Color Theory in Graphic Design
Color is a powerful tool in graphic design. It can be used to attract attention, organize content, emphasize elements, evoke emotion and help a design look aesthetically pleasing. But what colors should be used? In order to choose the right colors and color combinations, it is important that the graphic designer have a basic understanding of color theory. Color theory is the study of color in art and design, their relationships with each other and principles used to create harmonious color schemes.
The Color Wheel
The concept of the color wheel was invented by Sir Isaac Newton in 1666 when he bent the color spectrum, or the range of all visible light, into the shape of a circle. It is a circular diagram used to visually show the relationships between colors and can be used to logically choose color schemes. For the purpose of this article, I am going to use a simplified version of the color wheel by John McWade of Before and After Magazine.
Primary colors are red, blue and yellow. These three colors are the most basic colors on the color wheel. They cannot be made from any other colors but all other colors on the color wheel are made from them. They are commonly used together to attract attention, such as children’s products or at a circus.
Secondary colors are green, orange and purple. They are formed by mixing equal amounts of the two primary colors that are beside them on the color wheel. For example, green is made from mixing blue and yellow. They can be used together to create a nicely balanced color scheme.
Tertiary colors are blue-green, yellow-green, yellow-orange, red-orange, red-purple and blue-purple. They are formed by mixing a primary color and a secondary color together. For example, as the name implies, blue-green is made from mixing blue and green. Tertiary colors help create a wider color palette.
Tints and Shades
Lighter versions of colors are formed by adding white and are called tints. Darker versions are formed by adding black and are called shades. This is illustrated on the color wheel by adding two inner rings for tints and two outer rings for shades. The middle ring is the hue.
Monochromatic colors are colors with variations in tint and shade, such as green, light green and dark green. Although there is very little variety in these colors, they can be used to create a simple, clean and elegant color scheme with minimum contrast.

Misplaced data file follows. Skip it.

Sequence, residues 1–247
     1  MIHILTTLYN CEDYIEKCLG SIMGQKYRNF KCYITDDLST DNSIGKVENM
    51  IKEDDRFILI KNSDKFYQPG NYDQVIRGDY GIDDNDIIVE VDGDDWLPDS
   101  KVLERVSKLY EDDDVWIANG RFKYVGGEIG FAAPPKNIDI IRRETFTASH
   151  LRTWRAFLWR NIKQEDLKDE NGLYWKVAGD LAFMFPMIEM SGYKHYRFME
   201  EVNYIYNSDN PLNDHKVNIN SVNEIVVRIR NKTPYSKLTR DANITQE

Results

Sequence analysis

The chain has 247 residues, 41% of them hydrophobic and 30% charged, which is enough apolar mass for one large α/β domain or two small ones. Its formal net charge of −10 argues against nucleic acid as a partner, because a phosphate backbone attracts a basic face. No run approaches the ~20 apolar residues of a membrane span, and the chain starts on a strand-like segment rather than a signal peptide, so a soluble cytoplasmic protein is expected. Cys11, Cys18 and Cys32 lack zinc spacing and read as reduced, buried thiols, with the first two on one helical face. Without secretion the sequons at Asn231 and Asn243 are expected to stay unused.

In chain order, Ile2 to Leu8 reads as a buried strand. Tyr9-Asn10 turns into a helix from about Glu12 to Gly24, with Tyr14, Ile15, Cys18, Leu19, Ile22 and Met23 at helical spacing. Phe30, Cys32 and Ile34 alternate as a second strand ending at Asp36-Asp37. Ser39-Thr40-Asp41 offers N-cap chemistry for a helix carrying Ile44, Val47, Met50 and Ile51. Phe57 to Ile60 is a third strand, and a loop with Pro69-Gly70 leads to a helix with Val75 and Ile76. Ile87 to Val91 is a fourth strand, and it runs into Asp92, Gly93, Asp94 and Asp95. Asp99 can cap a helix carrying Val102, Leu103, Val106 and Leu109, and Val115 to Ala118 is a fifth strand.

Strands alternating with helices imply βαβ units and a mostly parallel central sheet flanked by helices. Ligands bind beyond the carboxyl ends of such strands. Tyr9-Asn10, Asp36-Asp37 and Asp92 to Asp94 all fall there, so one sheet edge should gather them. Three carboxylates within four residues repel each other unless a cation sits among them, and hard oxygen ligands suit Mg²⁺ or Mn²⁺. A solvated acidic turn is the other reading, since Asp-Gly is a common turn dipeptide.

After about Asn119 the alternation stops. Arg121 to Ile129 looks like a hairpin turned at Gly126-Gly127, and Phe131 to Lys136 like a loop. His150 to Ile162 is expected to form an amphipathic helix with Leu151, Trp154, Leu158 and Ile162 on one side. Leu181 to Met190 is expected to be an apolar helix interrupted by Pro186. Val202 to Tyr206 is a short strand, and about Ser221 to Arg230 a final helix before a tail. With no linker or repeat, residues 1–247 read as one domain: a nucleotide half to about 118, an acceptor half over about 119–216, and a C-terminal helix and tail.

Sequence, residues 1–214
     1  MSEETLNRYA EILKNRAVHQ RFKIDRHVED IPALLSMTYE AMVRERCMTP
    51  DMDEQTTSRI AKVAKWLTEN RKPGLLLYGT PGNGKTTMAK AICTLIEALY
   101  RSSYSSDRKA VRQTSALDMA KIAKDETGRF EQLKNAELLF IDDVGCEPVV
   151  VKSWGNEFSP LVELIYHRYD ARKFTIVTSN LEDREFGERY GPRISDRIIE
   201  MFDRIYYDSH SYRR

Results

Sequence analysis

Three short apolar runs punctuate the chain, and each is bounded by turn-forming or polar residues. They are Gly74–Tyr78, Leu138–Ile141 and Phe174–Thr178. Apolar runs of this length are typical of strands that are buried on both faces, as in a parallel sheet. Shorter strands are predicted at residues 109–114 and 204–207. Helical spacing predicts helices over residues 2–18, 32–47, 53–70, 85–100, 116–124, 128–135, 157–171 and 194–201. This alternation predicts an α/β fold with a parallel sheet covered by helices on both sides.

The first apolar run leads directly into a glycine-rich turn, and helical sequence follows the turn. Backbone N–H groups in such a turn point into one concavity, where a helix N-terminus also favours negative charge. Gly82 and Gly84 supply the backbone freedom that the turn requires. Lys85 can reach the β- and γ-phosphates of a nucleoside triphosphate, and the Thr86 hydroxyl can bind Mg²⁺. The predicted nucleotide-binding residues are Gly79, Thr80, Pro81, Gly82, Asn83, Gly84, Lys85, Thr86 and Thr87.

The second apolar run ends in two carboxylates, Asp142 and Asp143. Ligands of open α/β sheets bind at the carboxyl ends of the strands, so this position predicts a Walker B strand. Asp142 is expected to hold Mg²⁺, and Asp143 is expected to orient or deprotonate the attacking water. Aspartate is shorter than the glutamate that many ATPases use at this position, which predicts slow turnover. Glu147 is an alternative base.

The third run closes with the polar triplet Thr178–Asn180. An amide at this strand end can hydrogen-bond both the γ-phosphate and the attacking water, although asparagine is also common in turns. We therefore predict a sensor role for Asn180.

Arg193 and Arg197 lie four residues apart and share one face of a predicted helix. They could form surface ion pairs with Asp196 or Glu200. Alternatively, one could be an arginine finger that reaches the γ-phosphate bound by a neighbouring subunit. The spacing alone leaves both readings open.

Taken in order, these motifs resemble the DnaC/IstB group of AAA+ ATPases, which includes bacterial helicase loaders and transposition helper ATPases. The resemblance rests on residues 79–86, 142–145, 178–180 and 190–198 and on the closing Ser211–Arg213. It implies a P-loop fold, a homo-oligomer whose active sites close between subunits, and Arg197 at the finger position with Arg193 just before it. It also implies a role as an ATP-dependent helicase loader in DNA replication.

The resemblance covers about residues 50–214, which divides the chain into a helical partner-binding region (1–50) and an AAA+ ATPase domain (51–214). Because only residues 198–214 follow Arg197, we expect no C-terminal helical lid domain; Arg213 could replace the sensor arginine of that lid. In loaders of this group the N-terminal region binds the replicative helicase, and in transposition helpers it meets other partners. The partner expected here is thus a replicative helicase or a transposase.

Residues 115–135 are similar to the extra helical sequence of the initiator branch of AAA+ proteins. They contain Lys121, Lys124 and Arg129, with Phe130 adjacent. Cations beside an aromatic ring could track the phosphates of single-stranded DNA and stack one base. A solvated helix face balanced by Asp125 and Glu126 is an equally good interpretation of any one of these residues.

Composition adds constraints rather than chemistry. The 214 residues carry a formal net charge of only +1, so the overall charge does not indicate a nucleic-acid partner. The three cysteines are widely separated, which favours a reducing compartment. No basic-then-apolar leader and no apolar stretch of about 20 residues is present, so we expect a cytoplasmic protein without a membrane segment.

Analogous colors are beside or near each other on the color wheel, such as blues and blue-greens. This color scheme is similar to monochromatic colors but with more range. They have low contrast but work well together because they have common undertones.
Complementary colors are two colors that are opposite each other on the color wheel, such as blue-purple and orange. They provide maximum color contrast and work particularly well when a warm color is paired with a cool color. Using complementary colors is an important aspect of creating aesthetically pleasing art and graphic design.
Split Complementary Colors
Split complementary colors is a color and two colors adjacent to its complementary color, such as green-yellow, purple and red. These colors provide high contrast without the strong tension of the complementary scheme.
Triadic colors are three colors equally spaced around the color wheel. They are not as contrasting as complementary colors but look more balanced. Primary colors and secondary colors are both examples of triadic color schemes.
Tetradic colors are two pairs of complementary colors, also known as double complementary, such as blue-purple, green, yellow-orange and red. It may look like too much color if all four colors are used in equal amounts. Therefore one or two colors should be dominant.